For sure we are not living in such a tragic time like Nazi occupation. But I think, “captivity” comes in different forms these days. We might feel like we are free to change our lives and society whenever we make up our minds. But in reality, we still are powerless captives. We are caught in our personal struggles. There are debts and bills burdening us, illnesses and accidents devastating us, damaged relationships left unfixed, and other problems defying solutions. And we are caught in a broken social system. I feel hopeless, whenever I hear the news of gun-violence and mass-shooting. People send thoughts and prayers to the victims. Then what? Nothing changes; we hear the same news next week. What about the political divide that is getting wider and deeper? What about the growing discrimination based on our race, immigration status, gender and sexuality, and religion? Can we confidently say that we are free from those conditions of captivity? I don’t think we can. True, captivity comes in different forms these days and claims us.
To us living in this modern-day captivity, nevertheless, the good news of Advent is delivered. Like a signal, like a coded message, it tells us nothing but this, “The invasion has begun.” The wait is over. The divine intervention is about to take place. Do not lose your hope yet. God is on your way. And this Season of Advent especially tunes in its frequency to the channel of Luke’s Gospel. The Gospel of Luke transmits a clear herald, the good news about the invasion of God. And today, this good news comes through a song. It’s the song of Mary, which is traditionally called, the Magnificat.
Sung by gentle Mary, meek and mild, this song may seem like a peaceful lullaby that only comforts our fearful hearts in captivity. Sung by the holy virgin Mary, the mother of Jesus, the God-bearer (theotokos), this song may look like a praise for the divine favor exclusively given to Mary. But it’s not just a song of comfort or fortune, but a song of the good news. Listen to her song again for the first time today.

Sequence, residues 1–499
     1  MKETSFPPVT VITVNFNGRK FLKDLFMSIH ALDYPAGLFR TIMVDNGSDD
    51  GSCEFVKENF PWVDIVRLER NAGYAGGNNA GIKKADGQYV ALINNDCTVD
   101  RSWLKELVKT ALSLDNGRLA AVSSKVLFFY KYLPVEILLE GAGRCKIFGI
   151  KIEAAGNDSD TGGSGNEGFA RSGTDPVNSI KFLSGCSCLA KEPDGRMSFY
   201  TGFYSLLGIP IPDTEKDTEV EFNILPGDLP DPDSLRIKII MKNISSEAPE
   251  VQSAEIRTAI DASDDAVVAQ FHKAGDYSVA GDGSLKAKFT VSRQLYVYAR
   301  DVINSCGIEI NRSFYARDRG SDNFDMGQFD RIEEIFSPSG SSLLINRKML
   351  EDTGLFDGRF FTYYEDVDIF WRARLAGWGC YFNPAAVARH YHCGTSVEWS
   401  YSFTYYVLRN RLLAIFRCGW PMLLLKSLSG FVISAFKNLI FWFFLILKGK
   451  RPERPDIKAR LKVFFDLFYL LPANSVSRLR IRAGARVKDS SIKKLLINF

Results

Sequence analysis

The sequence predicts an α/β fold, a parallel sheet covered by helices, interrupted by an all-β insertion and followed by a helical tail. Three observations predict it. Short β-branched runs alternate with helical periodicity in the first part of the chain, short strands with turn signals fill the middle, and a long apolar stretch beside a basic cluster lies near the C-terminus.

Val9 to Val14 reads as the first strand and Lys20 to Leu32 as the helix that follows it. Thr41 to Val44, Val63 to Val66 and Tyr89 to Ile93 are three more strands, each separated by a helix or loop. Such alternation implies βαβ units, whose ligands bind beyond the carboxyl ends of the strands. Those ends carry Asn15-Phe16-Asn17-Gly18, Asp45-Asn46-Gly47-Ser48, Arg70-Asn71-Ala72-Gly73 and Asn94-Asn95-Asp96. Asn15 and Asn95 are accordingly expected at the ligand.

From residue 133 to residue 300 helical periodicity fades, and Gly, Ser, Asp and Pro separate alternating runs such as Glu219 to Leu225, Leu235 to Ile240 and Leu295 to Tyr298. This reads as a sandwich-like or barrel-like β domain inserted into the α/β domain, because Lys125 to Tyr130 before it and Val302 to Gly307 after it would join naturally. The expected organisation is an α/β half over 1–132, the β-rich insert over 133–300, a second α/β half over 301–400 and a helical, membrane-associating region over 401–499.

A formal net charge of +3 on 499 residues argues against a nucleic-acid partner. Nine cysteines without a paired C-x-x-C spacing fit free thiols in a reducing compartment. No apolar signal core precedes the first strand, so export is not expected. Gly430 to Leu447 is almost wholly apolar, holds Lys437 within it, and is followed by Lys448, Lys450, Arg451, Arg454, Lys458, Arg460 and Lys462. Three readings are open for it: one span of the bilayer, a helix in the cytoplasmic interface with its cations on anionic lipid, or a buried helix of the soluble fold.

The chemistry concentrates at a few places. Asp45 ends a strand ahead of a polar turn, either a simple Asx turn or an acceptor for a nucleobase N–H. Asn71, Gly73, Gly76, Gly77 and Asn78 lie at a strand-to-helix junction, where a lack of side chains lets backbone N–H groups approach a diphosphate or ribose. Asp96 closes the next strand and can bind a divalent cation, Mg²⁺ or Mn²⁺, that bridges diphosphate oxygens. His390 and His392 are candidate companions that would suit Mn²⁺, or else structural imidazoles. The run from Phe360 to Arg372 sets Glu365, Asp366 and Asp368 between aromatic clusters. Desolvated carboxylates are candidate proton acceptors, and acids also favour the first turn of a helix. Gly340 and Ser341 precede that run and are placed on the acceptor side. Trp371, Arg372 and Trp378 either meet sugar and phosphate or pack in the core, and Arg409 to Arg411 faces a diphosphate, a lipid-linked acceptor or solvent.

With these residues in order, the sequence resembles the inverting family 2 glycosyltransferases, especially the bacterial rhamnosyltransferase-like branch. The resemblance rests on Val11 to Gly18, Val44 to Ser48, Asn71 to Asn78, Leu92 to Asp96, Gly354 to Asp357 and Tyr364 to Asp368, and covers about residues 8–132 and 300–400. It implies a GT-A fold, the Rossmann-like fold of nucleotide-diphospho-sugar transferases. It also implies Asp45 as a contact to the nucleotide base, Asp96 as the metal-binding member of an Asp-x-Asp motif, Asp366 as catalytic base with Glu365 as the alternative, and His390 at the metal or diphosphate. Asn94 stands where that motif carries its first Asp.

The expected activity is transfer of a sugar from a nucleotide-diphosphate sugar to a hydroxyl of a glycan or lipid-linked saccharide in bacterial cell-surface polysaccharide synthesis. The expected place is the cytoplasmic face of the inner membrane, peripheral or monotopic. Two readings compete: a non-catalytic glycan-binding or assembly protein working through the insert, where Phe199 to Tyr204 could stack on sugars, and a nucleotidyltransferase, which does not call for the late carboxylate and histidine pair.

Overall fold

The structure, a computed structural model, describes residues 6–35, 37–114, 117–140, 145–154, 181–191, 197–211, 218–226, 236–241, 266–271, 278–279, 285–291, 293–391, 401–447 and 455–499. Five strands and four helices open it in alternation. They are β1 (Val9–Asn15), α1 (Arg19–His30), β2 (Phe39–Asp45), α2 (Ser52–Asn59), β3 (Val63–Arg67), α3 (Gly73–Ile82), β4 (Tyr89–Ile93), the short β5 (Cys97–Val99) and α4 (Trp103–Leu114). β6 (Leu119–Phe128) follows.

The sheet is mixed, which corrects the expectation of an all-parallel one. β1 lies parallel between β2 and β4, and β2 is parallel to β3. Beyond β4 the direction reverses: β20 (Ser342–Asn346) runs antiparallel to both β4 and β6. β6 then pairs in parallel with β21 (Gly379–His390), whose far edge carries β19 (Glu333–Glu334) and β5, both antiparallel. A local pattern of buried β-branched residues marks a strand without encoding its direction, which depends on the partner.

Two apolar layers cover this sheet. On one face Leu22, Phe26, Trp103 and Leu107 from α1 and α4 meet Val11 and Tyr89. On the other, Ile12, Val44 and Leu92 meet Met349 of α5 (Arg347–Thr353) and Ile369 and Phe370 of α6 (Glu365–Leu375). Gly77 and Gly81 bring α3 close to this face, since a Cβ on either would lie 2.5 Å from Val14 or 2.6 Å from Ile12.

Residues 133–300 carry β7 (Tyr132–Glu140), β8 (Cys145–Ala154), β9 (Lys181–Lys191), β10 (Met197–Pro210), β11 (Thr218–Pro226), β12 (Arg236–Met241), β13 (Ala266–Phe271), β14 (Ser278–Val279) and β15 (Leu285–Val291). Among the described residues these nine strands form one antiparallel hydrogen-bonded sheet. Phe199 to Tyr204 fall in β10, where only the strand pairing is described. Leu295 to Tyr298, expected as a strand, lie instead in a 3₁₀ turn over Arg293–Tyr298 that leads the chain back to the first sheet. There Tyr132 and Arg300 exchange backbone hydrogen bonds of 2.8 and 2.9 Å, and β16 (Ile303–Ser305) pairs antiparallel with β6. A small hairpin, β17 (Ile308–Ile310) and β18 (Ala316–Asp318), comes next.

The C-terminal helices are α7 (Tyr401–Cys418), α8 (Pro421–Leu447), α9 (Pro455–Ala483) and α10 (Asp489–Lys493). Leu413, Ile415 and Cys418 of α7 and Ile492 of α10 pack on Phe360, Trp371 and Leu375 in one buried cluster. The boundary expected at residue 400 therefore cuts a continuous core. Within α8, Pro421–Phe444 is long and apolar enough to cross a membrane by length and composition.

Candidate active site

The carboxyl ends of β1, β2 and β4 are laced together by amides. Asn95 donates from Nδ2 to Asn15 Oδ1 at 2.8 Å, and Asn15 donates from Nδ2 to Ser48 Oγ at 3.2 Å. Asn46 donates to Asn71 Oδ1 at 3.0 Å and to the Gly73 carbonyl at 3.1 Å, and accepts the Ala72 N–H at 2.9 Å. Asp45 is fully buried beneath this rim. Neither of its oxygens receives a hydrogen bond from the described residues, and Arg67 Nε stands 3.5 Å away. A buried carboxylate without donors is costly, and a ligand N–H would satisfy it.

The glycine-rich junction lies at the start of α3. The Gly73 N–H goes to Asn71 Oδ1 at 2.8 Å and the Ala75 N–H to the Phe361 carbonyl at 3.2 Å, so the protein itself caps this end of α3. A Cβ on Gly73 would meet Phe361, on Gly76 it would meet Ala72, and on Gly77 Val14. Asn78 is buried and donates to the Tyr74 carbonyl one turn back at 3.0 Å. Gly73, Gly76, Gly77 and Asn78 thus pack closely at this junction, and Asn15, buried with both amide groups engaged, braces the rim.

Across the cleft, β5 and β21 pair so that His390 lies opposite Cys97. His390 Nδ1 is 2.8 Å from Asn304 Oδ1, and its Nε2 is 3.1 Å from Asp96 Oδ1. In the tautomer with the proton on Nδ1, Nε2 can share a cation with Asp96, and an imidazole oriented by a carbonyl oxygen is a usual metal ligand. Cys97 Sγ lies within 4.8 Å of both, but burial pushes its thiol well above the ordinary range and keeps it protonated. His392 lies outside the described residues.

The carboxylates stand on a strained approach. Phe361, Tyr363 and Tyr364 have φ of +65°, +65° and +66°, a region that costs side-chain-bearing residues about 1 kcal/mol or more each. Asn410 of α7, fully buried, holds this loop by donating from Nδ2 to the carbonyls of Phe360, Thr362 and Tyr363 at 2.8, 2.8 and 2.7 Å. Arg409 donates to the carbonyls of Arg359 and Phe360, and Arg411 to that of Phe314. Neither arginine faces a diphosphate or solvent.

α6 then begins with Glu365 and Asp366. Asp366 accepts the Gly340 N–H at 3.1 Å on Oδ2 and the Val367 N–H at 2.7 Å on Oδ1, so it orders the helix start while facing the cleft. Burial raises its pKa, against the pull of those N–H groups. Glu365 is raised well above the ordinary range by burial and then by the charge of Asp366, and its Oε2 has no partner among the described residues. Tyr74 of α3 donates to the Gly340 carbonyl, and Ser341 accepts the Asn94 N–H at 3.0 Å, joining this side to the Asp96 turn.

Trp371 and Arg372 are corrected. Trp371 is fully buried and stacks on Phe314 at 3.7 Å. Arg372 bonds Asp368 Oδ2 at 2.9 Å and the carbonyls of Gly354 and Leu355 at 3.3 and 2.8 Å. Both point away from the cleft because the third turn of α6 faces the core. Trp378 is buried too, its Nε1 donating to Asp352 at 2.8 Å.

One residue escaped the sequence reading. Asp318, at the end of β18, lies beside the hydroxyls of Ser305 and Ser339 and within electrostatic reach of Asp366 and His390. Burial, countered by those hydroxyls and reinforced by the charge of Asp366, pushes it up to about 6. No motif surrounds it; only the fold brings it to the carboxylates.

Mary begins to sing, “My soul magnifies the Lord, and my spirit rejoices in God my Savior, for he has looked with favor on the lowliness of his servant” (Luke 1:46-48). Here, through her experience, Mary comes to know that this coming God is not for the powers of the world. This God is different. God has no reason to choose Mary, who is humble and lowly. But God does. Then, Mary realizes that this God is the one who is emphatically on the side of the poor, the hungry, the weak, the vulnerable, and the captives. See, she continues to sing, “He has shown strength with his arm; he has scattered the proud in the thoughts of their hearts. He has brought down the powerful from their thrones, and lifted up the lowly; he has filled the hungry with good things, and sent the rich away empty.” (Luke 1:51-53).
Through her experience, Mary understands who God is. And she realizes that this revolutionary invasion of God has been underway. In the coming new kingdom of God, the way things are in this world will be radically transformed. Her son Jesus will inaugurate this new kingdom and announce the good news to the poor, proclaim release to the captives and recovery of sight to the blind, and let the oppressed go free. How magnificent is this good news, indeed. Magnificent!
Here we see, Mary’s Magnificat is neither a peaceful lullaby nor a personal praise. Rather, it’s a vigorous battle cryfor the invasion of God; it’s a passionate overture to the revolutionary ministry of Jesus Christ. Especially, to us living in the modern-day captivity, this song is an awakening prelude to the lifegiving ministry of Jesus that has put an end to our captivity. And this song is an alarm sound that wakes us up to join God’s forces and change the world with love and grace.